Friday, May 2, 2008

The Barbers of Galena


By DANA DUGAN
Express Staff Writer

Marquette Custom Books 272 pgs.

Shortly before she died in 1962, Pearl Eva Barber penned a book called "The Galloping Ghosts of Galena." Forty-six years later, her great-nephew Peter Wyman has published a companion book, "A Ride Through the History of Galena and Bullion," and released them as one oversized book about the history of the region that makes up the Wood River Valley and beyond.

Born to a poor farmer in Nebraska in 1887, 13-year-old Pearl Eva traveled alone by train to Boise to live with a married sister. She immediately went into service in a private home and then at the Sherman House, a boarding house near the state Capitol in Boise, where politicians lived while the Legislature was in session. She met and married Charles Barber at age 17.

In 1917, the couple packed up their meager belongings and headed to the Wood River Valley where mining was in full swung. Pearl became camp cook in the mining town of Bullion, west of Hailey.

In 1923 the Barbers purchased the tiny Galena Store for $500, an outpost that sold staples such as coffee, tobacco and milk. For the next dozen years the Barbers ran the store and maintained a few guest cabins during the summer months only. There was little connection to the outside world but for an old toll road, built in the 1880s, over Galena summit to Sawtooth City (near what is now known as Smiley Creek). And that journey was not for the feint of heart. Wagon drivers routinely tied logs to the backs of their wagons to serve as brakes for the descent from the 8,701-foot summit.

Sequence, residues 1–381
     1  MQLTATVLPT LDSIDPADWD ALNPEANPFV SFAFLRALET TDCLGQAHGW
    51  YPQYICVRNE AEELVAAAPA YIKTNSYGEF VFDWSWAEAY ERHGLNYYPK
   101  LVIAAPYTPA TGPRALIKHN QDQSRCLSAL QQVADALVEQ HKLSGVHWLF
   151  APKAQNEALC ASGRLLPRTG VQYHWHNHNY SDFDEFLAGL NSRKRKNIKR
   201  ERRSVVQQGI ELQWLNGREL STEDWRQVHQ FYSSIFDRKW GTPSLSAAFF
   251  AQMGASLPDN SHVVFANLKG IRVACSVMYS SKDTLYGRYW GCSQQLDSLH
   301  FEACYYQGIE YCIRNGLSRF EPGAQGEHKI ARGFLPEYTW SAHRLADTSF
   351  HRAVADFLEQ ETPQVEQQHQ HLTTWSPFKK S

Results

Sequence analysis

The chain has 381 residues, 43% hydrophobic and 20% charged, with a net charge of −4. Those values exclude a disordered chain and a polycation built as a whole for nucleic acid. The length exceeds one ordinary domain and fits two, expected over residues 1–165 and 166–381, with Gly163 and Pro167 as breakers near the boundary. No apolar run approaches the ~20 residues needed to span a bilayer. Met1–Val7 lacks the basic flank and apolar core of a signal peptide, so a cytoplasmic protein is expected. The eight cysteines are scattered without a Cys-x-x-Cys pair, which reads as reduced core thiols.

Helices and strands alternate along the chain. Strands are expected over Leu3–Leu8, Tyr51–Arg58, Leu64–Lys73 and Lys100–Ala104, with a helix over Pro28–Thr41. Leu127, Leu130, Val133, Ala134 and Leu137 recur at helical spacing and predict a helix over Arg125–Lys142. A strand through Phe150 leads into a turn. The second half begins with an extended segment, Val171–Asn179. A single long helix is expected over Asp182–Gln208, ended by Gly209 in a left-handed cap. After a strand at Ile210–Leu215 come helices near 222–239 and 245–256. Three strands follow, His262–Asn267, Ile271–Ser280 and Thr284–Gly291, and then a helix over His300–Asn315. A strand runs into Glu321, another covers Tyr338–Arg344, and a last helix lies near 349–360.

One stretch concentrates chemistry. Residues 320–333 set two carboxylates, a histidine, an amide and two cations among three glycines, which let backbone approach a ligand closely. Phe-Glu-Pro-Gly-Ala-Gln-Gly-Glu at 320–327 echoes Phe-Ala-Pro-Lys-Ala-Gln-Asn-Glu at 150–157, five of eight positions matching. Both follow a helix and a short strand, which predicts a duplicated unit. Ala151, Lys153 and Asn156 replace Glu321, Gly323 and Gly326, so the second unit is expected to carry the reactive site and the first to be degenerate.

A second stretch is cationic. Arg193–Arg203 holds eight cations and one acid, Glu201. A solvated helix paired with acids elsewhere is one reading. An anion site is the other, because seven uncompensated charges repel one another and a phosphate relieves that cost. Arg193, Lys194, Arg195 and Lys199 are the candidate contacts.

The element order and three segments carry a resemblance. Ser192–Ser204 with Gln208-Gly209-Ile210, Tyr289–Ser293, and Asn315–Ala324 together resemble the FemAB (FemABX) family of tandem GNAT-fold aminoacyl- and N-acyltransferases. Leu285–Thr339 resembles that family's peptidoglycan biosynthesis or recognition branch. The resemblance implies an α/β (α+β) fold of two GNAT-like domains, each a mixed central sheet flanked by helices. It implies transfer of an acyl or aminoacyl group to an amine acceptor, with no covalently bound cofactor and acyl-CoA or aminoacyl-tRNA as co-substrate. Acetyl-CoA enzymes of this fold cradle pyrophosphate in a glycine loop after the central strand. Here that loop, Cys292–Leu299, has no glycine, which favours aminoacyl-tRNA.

Pearl's story leads into the second part of the book, "A Ride Through the History of Galena and Bullion." Wyman's history lesson of the region includes a variety of regional information.

The personal stories by and about some of Pearl's friends and family are of particular interest. Among the women Wyman writes about are Edith Storey and Rita Hurst, who still lives in Bellevue. When she was young, Hurst drove heavily loaded timber trucks down the unpaved Galena Pass for about nine years, becoming a local legend in the process.

As well, there is a summary of geographical features of the region and the history of mining. Wyman also digs into the myths and stories from the ghost towns where hundreds of people had lived during the mining booms and which now stand vacant and mostly forgotten, such as Bullion, Broadford, Vienna, Rocky Bar and Muldoon.

Wyman's photos and the many historical images complement the stories and memoirs. The book is available at Iconoclast Books in Ketchum, Galena Lodge and the Sun Valley Ketchum Ski & Heritage Museum in Ketchum. The public libraries in Ketchum and Hailey have copies of this book as well as Pearl Barber's original book.




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